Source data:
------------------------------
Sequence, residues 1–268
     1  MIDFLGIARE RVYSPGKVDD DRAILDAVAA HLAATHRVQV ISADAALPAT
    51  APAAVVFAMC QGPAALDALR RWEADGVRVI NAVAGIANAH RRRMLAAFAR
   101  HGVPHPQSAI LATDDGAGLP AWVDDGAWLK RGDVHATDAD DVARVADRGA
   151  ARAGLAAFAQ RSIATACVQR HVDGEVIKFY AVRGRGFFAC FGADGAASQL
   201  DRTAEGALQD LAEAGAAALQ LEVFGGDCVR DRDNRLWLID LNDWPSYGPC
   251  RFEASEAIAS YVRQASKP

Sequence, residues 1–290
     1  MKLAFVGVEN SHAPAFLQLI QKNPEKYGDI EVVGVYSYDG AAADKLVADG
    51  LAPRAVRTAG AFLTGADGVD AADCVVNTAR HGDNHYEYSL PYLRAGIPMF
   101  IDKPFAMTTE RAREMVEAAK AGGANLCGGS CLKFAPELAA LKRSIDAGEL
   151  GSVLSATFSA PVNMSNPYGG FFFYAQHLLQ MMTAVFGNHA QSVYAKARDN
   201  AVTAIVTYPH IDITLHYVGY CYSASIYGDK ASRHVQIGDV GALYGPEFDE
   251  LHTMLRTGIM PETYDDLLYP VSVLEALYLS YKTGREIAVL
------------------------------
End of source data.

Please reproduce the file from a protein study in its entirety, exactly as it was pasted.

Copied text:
Sequence, residues 1–268
     1  MIDFLGIARE RVYSPGKVDD DRAILDAVAA HLAATHRVQV ISADAALPAT
    51  APAAVVFAMC QGPAALDALR RWEADGVRVI NAVAGIANAH RRRMLAAFAR
   101  HGVPHPQSAI LATDDGAGLP AWVDDGAWLK RGDVHATDAD DVARVADRGA
   151  ARAGLAAFAQ RSIATACVQR HVDGEVIKFY AVRGRGFFAC FGADGAASQL
   201  DRTAEGALQD LAEAGAAALQ LEVFGGDCVR DRDNRLWLID LNDWPSYGPC
   251  RFEASEAIAS YVRQASKP

Sequence, residues 1–290
     1  MKLAFVGVEN SHAPAFLQLI QKNPEKYGDI EVVGVYSYDG AAADKLVADG
    51  LAPRAVRTAG AFLTGADGVD AADCVVNTAR HGDNHYEYSL PYLRAGIPMF
   101  IDKPFAMTTE RAREMVEAAK AGGANLCGGS CLKFAPELAA LKRSIDAGEL
   151  GSVLSATFSA PVNMSNPYGG FFFYAQHLLQ MMTAVFGNHA QSVYAKARDN
   201  AVTAIVTYPH IDITLHYVGY CYSASIYGDK ASRHVQIGDV GALYGPEFDE
   251  LHTMLRTGIM PETYDDLLYP VSVLEALYLS YKTGREIAVL